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US collectors send Dutch Old Masters on world tour

Leiden Collection due to open at the Louvre next year before travelling to Shanghai, Beijing and Abu Dhabi through 2018

by Julia Halperin  |  30 December 2016
US collectors send Dutch Old Masters on world tour
Ferdinand Bol, Rebecca and Eliezer at the Well (around 1645-46) (Image courtesy of the Leiden Collection)
The largest private collection of 17th-century Dutch painting will tour the globe, starting in February 2017. The first survey of the Leiden Collection, assembled by the US commodities magnate Thomas Kaplan and his wife Daphne Recanati Kaplan, is due to open at the Musée du Louvre (22 February-20 May) as part of a season at the museum celebrating the Dutch Golden Age. A larger presentation of around 60 works is scheduled to travel to the Long Museum in Shanghai, the National Museum in Beijing and the Louvre Abu Dhabi later this year and in 2018.

Johannes Vermeer’s Young Woman Seated at a Virginal (around 1670-72) (© The Leiden Collection; New York)
Johannes Vermeer’s Young Woman Seated at a Virginal (around 1670-72) (© The Leiden Collection; New York)
The travelling show includes the largest number of paintings by Rembrandt ever shown in China and marks the first time Vermeer has ever been shown there, according to Kaplan. He says he views the tour as an opportunity “to build bridges at a time when so many are being burned all over the world”.
 
The Kaplans have assembled the Leiden Collection at breakneck speed—over just 14 years—with the assistance of Old Master dealers Johnny van Haeften, Otto Naumann and Salomon Lilian. (The collection also has a three-person in-house research and registrar team.) Since 2003, they have acquired more than 200 works, including 13 Rembrandts—11 paintings and two drawings, the largest number in private hands—and the only privately owned paintings by Vermeer and Carel Fabritius.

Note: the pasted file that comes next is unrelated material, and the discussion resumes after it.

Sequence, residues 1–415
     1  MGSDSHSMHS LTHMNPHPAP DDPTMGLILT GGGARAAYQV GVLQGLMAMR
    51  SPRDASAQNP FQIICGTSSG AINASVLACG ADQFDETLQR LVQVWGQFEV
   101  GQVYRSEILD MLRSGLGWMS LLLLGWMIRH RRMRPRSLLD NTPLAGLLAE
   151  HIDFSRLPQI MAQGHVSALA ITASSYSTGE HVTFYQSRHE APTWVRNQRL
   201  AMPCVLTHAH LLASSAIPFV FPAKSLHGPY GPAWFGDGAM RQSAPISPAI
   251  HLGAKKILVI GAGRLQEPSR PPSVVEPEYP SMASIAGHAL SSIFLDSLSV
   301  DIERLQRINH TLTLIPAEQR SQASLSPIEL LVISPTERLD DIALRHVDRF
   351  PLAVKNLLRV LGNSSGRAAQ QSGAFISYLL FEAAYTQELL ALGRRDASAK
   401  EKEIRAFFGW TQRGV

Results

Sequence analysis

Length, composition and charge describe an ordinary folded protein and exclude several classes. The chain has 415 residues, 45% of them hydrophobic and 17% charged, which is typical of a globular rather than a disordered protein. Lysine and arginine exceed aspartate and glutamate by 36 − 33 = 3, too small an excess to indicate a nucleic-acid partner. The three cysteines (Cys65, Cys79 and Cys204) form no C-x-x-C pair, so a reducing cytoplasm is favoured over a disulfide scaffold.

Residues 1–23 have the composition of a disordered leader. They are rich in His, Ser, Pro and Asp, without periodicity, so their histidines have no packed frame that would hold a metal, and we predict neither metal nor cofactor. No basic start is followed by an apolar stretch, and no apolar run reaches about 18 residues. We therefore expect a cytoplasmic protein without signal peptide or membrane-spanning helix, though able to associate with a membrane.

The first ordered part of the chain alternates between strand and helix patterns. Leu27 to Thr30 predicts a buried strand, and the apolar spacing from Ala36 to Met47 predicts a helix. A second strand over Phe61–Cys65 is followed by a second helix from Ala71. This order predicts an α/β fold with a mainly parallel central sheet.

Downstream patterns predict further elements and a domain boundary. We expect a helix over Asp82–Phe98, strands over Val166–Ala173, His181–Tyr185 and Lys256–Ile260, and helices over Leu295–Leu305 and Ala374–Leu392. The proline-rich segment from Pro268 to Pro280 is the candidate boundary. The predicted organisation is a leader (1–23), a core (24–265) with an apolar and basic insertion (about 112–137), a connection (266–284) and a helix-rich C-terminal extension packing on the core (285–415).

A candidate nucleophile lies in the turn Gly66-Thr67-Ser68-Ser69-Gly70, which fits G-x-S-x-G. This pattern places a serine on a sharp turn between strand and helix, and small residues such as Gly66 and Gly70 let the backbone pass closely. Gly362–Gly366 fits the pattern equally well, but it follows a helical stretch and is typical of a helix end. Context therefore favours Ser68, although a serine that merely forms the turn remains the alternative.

“For a period of almost five years, we were collecting on average a painting a week,” Kaplan says. “There are only 30 or so Rembrandts in private hands. If people are willing to sell me Rembrandt for less than the price of Warhol, I was thrilled to be able to collect what we loved.”

The Kaplans have lent works from their collection to museums anonymously for years, but recently decided to make their passion public. On 23 January, ahead of the opening of the travelling exhibition, they will launch a free online catalogue dedicated to their holdings. “Any delusion I might have had that we would be able to retain some level of anonymity was not going to happen,” Kaplan says. “We decided to go with it and explain why these artists are still so relevant in the modern world.”

The catalogue includes high-resolution images, essays by scholars, detailed provenance information and technical studies of each work. Visitors to the site can search by artist, date, medium or subject, and all images are available for download in high resolution free of charge. Arthur Wheelock, the curator of Northern Baroque paintings at the National Gallery of Art in Washington, D.C., has served as an advisor to the project since 2009.

Dominique Surh, the curator of the Leiden Collection, says the Kaplans’ holdings represent “a remarkable genealogy” of the Dutch Golden Age. “Rembrandt had a huge workshop and many of his pupils are represented in the collection, and in some cases, their pupils’ pupils.”
 
To mark the Louvre presentation, the Kaplans have also donated the painting Rebecca and Eliezer at the Well (c. 1645-46) by Rembrandt’s student Ferdinand Bol to the French museum. Kaplan bought the Biblical scene at auction in 2009 for €1.3m with fees; he had no idea he was bidding against the Louvre. “It was always our policy that if we knew a museum was going for a painting and had the money for it, we would not try to take it away from them,” Kaplan says.
 
When he discovered who had been on the other side of the bidding war, he offered the work to the Louvre on long-term loan. The museum—which generally does not present loans in its permanent collection spaces—made an exception for the work and put it on display in its Dutch galleries in 2010. Now, it will become a permanent fixture. “It was an accident that we had it in the first place,” Kaplan says.


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